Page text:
Narrowing the gender gap, the people problem, gay rights at work.
Narrowing the Gender Gap
Women feds are better educated and better compensated these days.
By Kellie Lunney
T rue or False: The gender pay gap is smaller among younger employees in the federal government.
In fact, a lot has changed for women in the federal workforce since 1992. For instance, women now earn more than men in some of the traditionally male-dominated civil service positions, such as pilot/navigator and business/industry professional.
The federal government has narrowed its gender pay gap by 17 cents on the dollar over the past two decades, with women earning 87 cents for every dollar a man earned in 2012. Female employees are better educated and better compensated now than they were in the early 1990s, but they are still underrepresented in the top ranks, making up only about one-third of the Senior Executive Service. Other interesting stats from the Office of Personnel Management:
- 53% : Percentage of new federal hires in white-collar professional jobs who were female in 2012
- 93¢: Amount women at the Agriculture Department earned for every dollar a man earned in 2012
The People Problem
Skills and training gaps are top concerns among federal personnel leaders, yet agencies aren’t necessarily focusing their resources accordingly, says a recent survey by the human resources consulting firm Cornerstone by Demand.
As the retirement wave hits, agencies must develop long-term strategies to address turnover, acquire needed skills and optimize the talents of their remaining workforce, the report warns.
Who Said Print Is Dead?
Society’s shift to digital reading has by no means lessened the responsibilities of those who curate the government’s wealth of printed assets. So when the Library of Congress confronts damage from the march of time to its 36 million books and 68 million manuscript holdings, it turns to a unique commercial contractor: Pittsburgh-based Preservation Technologies LLP.
Since 1995, federal librarians have been shipping books and manuscripts to the vendor—now at a rate of 4,350 a week. That’s 226,400 books and some 900,000 manuscript pages per year that must be deacidified.
“If treated when new, the life expectancy of a book printed on acidic paper can be extended by 300 years,” says LOC spokeswoman Gayle Osterberg. The library’s preservation strategy includes better storage environments and digital reformatting.
The books are bathed in alkaline in cylindrical containers, and each batch and takes two hours to process. The team works 24/7, five days a week.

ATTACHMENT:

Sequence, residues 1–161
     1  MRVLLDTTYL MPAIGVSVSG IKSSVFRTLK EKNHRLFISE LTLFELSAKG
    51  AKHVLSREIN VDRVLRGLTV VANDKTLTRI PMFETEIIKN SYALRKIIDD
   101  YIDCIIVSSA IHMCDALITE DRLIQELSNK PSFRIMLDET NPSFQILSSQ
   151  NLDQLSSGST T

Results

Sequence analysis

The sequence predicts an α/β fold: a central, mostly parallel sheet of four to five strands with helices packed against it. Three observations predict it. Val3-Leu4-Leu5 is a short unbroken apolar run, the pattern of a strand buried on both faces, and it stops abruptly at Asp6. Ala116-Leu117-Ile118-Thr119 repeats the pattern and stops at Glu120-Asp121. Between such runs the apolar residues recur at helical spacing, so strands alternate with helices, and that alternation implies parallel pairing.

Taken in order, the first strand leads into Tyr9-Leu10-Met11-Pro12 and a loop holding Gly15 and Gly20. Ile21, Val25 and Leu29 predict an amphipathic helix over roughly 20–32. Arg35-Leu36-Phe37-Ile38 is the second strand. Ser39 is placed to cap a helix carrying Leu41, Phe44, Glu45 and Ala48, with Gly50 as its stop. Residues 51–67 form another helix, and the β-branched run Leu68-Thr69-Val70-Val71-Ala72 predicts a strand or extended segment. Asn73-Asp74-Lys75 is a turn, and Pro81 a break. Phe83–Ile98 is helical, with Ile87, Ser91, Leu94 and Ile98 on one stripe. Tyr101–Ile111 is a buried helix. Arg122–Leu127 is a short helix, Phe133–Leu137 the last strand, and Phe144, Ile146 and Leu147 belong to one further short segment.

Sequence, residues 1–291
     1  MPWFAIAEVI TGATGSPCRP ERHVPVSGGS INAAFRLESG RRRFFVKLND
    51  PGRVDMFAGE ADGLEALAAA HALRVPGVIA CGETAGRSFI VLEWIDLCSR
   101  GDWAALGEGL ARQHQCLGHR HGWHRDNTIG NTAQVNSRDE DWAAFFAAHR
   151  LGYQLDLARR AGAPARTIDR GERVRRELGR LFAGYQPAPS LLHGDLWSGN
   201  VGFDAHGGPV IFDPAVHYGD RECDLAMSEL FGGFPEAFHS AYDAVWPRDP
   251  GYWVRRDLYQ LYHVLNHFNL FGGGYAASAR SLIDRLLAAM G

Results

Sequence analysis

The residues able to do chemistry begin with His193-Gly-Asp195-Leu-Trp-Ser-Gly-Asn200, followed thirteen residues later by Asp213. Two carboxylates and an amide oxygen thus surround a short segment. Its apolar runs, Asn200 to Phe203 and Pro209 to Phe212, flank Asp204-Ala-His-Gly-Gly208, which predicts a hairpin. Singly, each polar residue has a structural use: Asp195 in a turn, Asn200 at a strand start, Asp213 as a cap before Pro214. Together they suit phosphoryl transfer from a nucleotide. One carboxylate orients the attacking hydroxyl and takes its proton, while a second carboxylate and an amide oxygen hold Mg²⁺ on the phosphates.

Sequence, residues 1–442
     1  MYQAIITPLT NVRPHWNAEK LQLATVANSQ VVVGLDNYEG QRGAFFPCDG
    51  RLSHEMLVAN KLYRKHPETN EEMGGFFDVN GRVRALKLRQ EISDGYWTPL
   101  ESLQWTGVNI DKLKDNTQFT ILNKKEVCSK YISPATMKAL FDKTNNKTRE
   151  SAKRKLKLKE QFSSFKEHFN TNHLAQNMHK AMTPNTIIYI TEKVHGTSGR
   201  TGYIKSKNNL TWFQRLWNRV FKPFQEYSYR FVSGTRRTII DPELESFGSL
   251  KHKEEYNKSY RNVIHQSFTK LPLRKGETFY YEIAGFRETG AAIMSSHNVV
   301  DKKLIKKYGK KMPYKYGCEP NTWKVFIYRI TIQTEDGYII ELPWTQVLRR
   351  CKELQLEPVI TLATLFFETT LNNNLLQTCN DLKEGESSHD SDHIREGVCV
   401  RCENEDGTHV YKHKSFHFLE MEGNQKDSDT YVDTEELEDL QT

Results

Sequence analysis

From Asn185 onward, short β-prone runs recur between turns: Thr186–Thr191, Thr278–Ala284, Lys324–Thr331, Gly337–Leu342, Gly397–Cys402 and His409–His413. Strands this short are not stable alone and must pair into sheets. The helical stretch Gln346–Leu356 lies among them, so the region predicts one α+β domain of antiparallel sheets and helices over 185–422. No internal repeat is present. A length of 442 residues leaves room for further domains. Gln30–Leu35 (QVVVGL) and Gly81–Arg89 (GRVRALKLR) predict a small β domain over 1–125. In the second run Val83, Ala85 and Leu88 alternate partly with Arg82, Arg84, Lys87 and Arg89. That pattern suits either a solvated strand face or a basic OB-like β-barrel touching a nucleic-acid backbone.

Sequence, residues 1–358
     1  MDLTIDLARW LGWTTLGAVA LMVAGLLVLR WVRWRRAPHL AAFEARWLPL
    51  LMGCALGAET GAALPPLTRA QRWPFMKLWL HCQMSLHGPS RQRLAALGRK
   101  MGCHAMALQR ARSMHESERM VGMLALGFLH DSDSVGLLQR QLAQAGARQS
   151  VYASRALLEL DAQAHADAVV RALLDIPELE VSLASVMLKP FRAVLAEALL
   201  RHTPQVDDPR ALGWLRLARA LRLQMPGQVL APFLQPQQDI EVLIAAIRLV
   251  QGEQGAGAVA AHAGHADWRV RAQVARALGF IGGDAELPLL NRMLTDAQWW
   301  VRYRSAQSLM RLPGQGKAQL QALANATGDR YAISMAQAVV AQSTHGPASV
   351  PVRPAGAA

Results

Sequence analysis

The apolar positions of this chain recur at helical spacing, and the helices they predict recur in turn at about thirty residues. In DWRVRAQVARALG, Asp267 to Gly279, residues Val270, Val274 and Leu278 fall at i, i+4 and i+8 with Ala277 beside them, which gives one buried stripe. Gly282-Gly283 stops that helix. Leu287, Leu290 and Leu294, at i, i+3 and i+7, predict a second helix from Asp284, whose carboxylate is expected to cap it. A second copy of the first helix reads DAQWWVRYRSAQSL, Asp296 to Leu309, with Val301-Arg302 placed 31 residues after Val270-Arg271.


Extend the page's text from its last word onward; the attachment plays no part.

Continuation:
The company’s other division, Media Preserve, can transfer any image or sound to digital format. One project relies on rare reel-to-reel machines to transfer federal data from Explorer satellite missions in 1958—before the formation of NASA.
- Charles S. Clark
Gay Rights At Work
Few report discrimination, but LGBT protections are still lacking.
For much of its history, the federal government has not taken kindly to gay employees. In the 1950s and 1960s, the public maintained a “campaign against employing gays and lesbians” in the federal service, according to a recent report from the Merit Systems Protection Board. Thousands of federal workers lost their jobs due to sexual orientation.
Members of Congress tied homosexuality to their campaigns against communists, and one committee found “homosexuals and other sex perverts were not proper persons to be employed in government for two reasons—first, they [were] generally unsuitable, and second, they constitute[d] security risks.”
But things are getting better, according to MSPB, which reported just 2 percent of feds say they are discriminated against due to sexual orientation.
Still, federal LGBT employees do not receive the same legal protections as their heterosexual counterparts.
The 2002 Notification and Federal Employees Antidiscrimination and Retaliation (No FEAR) Act requires agencies to inform workers of their rights to combat discrimination in all areas except sexual orientation. Additionally, MSPB says, a Clinton executive order preventing prejudice against LGBT employees is based on interpretation, not law, and does not provide legal recourse for gay workers.
Such ambiguity, MSPB says, would be resolved by legislation prohibiting discrimination based on sexual orientation.
In June, President Obama directed staff to prepare an executive order to prohibit federal contractors from discriminating against lesbian, gay, bisexual and transgender employees.
- Eric Katz
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